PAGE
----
29 July 2014
In 2010 the Berggruen Institute on Governance founded the Think Long Committee for California, a high-powered group of eminent citizens with broad experience in public affairs, labor, and business.
The name of the group itself implied its main objective: to introduce a depoliticized, non-partisan and long-term agenda as a corrective to the partisan rancor and short-term, special interest political culture that has come to dominate California political life.
After deliberating a year in monthly sessions, the group released its "Blueprint to Renew California" in 2011 - a bipartisan plan to renew California's dysfunctional democracy.
As the work has transitioned from developing solutions to advocating for change the work of the Think Long Committee now falls under a newly formed 501(c)(4).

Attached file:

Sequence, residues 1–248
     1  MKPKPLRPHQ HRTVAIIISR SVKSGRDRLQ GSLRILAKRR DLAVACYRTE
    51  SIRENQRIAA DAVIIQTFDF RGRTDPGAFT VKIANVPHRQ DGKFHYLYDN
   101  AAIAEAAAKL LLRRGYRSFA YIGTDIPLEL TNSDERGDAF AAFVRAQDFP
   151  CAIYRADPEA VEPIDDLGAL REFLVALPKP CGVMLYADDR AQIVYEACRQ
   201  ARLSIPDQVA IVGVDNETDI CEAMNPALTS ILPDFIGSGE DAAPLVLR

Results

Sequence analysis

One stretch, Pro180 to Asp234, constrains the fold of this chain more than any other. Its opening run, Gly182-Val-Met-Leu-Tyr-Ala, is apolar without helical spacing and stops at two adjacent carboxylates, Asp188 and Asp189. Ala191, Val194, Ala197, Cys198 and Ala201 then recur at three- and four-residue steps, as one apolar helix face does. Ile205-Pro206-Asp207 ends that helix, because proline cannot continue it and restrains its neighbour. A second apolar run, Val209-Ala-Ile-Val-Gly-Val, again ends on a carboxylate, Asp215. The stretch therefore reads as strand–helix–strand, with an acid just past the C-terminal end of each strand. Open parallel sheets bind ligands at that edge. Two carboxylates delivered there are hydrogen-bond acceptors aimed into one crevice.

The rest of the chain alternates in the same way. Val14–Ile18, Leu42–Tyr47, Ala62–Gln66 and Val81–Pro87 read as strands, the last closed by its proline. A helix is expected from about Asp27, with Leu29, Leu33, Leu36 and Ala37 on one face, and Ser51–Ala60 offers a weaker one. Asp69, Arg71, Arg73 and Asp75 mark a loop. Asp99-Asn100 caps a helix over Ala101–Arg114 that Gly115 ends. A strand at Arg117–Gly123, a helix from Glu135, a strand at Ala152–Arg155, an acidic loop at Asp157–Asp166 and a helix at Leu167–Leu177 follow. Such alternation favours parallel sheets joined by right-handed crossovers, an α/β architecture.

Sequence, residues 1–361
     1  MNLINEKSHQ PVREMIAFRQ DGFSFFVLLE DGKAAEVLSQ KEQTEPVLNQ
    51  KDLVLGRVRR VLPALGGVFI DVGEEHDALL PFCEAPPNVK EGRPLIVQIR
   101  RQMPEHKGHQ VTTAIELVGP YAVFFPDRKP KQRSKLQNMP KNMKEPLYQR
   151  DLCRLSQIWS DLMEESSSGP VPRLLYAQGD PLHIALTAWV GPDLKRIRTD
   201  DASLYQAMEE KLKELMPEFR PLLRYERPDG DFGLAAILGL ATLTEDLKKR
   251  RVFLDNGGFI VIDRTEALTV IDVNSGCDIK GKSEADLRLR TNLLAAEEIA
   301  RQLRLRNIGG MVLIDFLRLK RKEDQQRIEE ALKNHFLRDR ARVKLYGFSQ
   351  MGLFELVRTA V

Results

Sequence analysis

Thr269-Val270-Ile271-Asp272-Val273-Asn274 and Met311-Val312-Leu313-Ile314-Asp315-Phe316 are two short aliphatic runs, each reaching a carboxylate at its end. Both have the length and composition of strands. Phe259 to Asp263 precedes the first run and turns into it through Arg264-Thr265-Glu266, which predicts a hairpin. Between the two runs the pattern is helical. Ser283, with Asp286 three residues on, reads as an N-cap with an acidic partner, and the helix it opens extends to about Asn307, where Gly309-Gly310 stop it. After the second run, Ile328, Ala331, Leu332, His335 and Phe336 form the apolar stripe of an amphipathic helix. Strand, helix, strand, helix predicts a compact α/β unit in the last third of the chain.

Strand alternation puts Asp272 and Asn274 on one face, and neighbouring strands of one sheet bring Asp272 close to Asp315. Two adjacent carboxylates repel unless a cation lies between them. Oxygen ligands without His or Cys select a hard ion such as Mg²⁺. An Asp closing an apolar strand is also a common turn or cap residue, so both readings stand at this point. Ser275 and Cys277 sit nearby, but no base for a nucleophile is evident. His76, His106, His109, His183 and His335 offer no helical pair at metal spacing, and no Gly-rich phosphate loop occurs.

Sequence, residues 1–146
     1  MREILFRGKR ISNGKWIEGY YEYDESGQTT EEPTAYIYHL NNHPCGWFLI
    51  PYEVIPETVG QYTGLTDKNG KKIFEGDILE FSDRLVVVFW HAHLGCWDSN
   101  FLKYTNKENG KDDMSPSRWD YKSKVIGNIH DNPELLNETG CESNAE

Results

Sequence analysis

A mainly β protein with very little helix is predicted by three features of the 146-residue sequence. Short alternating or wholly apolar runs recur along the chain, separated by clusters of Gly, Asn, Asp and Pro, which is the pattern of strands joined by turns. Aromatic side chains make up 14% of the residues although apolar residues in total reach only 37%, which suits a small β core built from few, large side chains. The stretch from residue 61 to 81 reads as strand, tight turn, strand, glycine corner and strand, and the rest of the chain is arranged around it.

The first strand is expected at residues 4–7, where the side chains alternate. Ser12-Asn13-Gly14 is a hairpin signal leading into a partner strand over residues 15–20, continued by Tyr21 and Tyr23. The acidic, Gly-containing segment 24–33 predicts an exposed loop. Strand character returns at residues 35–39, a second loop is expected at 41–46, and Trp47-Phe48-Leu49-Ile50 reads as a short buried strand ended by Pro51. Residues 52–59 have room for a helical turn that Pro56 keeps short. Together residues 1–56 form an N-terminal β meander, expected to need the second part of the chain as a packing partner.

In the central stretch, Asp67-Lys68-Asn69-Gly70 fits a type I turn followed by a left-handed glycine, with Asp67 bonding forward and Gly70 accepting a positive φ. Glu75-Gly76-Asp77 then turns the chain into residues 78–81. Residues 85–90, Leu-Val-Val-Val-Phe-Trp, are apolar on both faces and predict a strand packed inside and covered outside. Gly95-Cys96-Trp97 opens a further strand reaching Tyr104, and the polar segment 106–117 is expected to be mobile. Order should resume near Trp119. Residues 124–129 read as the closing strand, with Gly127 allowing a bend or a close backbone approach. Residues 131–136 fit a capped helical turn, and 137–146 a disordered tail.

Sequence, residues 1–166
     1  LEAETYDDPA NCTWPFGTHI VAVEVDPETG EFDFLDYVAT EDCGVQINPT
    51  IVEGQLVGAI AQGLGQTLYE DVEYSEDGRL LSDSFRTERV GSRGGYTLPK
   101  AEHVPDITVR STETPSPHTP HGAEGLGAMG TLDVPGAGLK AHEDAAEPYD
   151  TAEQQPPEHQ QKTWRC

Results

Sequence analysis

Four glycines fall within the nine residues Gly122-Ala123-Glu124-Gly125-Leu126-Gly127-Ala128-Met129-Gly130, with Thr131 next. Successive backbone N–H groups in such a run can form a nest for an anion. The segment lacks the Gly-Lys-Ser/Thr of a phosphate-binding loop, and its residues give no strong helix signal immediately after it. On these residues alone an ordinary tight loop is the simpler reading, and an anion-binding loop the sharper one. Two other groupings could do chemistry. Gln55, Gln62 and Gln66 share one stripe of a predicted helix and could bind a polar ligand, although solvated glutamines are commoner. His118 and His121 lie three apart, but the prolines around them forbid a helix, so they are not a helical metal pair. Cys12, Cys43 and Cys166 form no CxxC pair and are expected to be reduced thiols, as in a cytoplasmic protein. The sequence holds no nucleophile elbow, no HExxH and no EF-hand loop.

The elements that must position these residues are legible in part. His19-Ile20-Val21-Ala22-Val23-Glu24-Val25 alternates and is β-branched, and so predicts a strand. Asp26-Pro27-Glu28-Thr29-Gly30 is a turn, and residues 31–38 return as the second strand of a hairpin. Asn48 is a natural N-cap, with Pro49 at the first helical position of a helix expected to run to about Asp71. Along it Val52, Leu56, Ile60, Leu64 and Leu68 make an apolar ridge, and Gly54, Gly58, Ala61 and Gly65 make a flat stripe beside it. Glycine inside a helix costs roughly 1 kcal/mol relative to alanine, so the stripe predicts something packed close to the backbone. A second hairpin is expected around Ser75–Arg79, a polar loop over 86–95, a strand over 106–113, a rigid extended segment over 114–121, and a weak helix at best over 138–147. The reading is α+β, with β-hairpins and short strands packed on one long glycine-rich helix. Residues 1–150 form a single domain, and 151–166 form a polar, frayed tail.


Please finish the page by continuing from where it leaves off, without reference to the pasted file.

19 August 2013
by Nathan Gardels
Unless the state modernizes its obsolete tax code, as the Think Long Committee has recommended, California could be right back where it started from with billion dollar annual deficits.
In order to balance the budget, Governor Jerry Brown cut spending over the past two years (the General Fund Budget is down to $97 billion this year from $127 billion when Arnold Schwarzenegger was governor). He then also convinced the public to approve a tax increase on the wealthy, with a temporary tax hike on those making over $250,000 per year.
As a result, California is back in fiscal balance -- but totally reliant on income and capital gains taxes on the state's richest citizens. At this point, the top 1 percent pay 50 percent of income taxes in California.
As America as a whole, California included, drifts toward plutocracy and growing inequality, there is certainly a logic in this. But it is unsustainable. Just to start with, the Silicon Valley tech industry -- where so much of the wealth the state depends on is concentrated -- is already starting to slow down. Tax revenues will follow any slump at an accelerated pace.